Falling Number test
The Falling Number test is an internationally standardized method for determining the amount of sprout damage in wheat caused by the alpha-amylase enzyme.
Visual assessment of sprout damage can only confirm that germination has started. You cannot visually determine alpha-amylase levels.
Alpha-amylase activity has direct impact on bread and pasta quality and adversely affects the malting process. As little as 5% sprouted grain, mixed with 95% sound grain, can render the entire lot unacceptable.
To perform the Falling Number test, flour and distilled water are mixed in a test tube. The test tube is immersed in boiling water where the flour slurry is agitated for 60 seconds using a plunger system. After 60 seconds, the plunger is released from the top of the unit and allowed to fall naturally through the slurry.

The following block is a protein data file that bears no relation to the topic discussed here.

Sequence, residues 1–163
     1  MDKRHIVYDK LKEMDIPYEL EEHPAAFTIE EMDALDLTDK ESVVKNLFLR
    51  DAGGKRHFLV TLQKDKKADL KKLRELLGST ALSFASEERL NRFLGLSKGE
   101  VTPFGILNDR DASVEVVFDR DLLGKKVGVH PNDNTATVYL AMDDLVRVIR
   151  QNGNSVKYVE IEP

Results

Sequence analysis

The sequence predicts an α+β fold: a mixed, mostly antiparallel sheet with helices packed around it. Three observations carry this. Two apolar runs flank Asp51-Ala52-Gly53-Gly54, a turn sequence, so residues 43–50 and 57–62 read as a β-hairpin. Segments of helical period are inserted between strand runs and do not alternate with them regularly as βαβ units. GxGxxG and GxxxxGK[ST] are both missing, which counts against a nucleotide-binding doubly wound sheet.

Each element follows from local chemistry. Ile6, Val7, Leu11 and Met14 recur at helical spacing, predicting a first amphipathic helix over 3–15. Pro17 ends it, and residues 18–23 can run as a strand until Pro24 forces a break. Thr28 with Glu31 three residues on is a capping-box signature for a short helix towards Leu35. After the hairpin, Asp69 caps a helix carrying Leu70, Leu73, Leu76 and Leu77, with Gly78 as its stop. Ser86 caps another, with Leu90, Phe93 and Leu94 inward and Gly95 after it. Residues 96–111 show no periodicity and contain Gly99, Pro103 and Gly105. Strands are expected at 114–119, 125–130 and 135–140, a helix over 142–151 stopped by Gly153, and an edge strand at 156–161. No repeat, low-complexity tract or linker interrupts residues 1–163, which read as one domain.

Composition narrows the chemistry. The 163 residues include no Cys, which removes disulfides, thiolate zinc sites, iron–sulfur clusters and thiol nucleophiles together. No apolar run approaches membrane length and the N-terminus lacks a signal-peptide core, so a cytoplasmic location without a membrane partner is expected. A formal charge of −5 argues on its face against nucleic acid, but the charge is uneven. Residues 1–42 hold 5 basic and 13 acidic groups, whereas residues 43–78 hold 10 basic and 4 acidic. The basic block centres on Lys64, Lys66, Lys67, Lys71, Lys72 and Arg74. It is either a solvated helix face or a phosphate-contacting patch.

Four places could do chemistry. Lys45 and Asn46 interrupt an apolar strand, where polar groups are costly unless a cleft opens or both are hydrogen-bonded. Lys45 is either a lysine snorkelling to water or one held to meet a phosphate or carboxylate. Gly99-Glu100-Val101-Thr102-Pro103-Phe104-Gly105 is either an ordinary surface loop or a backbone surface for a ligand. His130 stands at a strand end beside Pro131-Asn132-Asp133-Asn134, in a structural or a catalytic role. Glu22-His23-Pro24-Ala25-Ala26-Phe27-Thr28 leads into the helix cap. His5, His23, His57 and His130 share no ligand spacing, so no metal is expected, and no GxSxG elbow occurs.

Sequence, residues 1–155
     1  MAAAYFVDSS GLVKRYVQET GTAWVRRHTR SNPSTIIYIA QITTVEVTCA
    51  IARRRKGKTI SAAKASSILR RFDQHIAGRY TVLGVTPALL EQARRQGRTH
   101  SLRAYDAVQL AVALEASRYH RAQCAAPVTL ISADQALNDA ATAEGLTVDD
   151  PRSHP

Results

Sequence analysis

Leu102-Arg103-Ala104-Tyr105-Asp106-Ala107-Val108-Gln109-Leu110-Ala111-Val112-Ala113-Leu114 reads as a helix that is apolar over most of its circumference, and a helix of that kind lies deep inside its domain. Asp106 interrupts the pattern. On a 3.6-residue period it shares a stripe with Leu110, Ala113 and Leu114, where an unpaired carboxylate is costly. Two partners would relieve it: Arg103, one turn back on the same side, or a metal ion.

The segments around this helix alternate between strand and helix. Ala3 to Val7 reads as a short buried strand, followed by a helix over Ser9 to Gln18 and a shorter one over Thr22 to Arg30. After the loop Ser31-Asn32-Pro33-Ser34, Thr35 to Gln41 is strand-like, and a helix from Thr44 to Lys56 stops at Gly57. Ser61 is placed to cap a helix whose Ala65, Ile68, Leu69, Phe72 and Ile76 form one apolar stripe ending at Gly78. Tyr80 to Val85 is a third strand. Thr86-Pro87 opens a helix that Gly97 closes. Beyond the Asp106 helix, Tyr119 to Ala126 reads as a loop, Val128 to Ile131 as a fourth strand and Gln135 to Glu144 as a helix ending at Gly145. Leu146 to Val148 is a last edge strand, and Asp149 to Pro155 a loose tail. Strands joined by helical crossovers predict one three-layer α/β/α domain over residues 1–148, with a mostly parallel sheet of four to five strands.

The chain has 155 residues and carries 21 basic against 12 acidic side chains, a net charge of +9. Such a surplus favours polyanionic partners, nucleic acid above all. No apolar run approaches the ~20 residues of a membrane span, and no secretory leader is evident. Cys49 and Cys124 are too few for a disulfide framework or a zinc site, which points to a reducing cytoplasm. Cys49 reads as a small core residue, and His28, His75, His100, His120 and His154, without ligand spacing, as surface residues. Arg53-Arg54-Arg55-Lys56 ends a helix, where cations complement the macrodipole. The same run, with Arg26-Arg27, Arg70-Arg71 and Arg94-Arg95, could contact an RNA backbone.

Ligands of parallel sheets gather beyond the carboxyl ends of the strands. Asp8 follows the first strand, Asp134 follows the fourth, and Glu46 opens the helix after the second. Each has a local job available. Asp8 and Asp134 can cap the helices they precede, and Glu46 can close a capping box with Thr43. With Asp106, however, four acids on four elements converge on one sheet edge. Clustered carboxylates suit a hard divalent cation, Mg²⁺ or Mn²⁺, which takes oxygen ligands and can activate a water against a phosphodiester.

The Falling Number value includes the 60 seconds of agitation plus the number of seconds that it takes for the plunger to fall from the top of the test tube to the bottom. The more alpha-amylase present, the thinner the slurry and the more quickly the plunger falls, resulting in a lower Falling Number. A Falling Number value of around 300 seconds indicates wheat that is sound and satisfactory for most milling and bread baking processes.
A Falling Number is often specified in sales contracts with buyers of Canadian wheat. The Canadian Grain Commission recently sought industry input about adding Falling Number as a grading factor due to its importance in determining wheat quality.